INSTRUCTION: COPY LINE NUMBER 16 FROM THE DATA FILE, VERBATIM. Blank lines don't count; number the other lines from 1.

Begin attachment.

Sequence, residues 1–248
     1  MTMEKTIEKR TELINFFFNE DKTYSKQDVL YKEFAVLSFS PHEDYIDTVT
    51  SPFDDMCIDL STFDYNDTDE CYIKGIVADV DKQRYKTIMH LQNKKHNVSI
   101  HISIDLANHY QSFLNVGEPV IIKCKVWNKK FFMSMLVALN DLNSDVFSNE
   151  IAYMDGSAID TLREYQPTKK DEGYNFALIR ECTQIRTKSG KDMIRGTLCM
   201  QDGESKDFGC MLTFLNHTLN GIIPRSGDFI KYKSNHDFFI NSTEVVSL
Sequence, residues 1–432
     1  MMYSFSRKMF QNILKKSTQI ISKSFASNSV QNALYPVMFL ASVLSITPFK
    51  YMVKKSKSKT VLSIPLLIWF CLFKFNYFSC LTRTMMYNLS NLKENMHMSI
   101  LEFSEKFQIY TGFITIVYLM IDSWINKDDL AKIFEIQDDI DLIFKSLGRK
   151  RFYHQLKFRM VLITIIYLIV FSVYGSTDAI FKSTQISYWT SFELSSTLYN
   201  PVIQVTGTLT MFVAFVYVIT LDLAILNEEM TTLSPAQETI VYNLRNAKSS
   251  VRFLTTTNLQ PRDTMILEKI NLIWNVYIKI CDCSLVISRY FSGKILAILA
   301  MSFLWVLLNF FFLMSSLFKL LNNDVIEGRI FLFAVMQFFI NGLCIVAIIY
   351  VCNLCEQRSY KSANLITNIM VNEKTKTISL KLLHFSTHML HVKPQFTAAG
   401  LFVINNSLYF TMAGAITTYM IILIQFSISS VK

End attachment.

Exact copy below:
   401  LFVINNSLYF TMAGAITTYM IILIQFSISS VK